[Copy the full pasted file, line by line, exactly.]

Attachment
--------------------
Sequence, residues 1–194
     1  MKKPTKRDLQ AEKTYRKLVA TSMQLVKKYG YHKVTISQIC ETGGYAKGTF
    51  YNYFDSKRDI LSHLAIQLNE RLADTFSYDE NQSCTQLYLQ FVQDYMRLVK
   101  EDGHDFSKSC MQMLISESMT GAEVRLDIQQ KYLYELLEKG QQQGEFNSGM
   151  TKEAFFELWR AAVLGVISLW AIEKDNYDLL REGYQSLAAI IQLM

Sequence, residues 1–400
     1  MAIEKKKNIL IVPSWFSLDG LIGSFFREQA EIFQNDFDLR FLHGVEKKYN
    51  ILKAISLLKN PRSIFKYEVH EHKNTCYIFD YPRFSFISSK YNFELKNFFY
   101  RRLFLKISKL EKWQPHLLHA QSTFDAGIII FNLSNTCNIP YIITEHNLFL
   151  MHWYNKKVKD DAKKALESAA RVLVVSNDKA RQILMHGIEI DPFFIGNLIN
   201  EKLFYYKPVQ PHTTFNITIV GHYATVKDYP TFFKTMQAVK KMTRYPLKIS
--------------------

Sequence, residues 1–194
     1  MKKPTKRDLQ AEKTYRKLVA TSMQLVKKYG YHKVTISQIC ETGGYAKGTF
    51  YNYFDSKRDI LSHLAIQLNE RLADTFSYDE NQSCTQLYLQ FVQDYMRLVK
   101  EDGHDFSKSC MQMLISESMT GAEVRLDIQQ KYLYELLEKG QQQGEFNSGM
   151  TKEAFFELWR AAVLGVISLW AIEKDNYDLL REGYQSLAAI IQLM

Sequence, residues 1–400
     1  MAIEKKKNIL IVPSWFSLDG LIGSFFREQA EIFQNDFDLR FLHGVEKKYN
    51  ILKAISLLKN PRSIFKYEVH EHKNTCYIFD YPRFSFISSK YNFELKNFFY
   101  RRLFLKISKL EKWQPHLLHA QSTFDAGIII FNLSNTCNIP YIITEHNLFL
   151  MHWYNKKVKD DAKKALESAA RVLVVSNDKA RQILMHGIEI DPFFIGNLIN
   201  EKLFYYKPVQ PHTTFNITIV GHYATVKDYP TFFKTMQAVK KMTRYPLKIS